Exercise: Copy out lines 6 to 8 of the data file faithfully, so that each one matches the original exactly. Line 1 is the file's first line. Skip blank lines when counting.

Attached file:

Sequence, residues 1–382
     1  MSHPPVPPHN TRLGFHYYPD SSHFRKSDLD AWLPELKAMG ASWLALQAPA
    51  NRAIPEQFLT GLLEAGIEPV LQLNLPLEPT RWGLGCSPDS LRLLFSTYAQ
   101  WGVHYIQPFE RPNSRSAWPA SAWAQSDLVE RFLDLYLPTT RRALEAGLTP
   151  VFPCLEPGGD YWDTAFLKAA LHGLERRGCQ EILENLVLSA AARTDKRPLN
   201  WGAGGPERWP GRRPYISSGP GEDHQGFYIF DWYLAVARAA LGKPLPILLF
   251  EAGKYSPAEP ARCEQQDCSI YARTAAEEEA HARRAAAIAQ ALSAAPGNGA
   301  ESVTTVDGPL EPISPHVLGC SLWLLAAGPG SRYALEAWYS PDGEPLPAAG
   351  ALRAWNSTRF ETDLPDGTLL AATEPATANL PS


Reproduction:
   201  WGAGGPERWP GRRPYISSGP GEDHQGFYIF DWYLAVARAA LGKPLPILLF
   251  EAGKYSPAEP ARCEQQDCSI YARTAAEEEA HARRAAAIAQ ALSAAPGNGA
   301  ESVTTVDGPL EPISPHVLGC SLWLLAAGPG SRYALEAWYS PDGEPLPAAG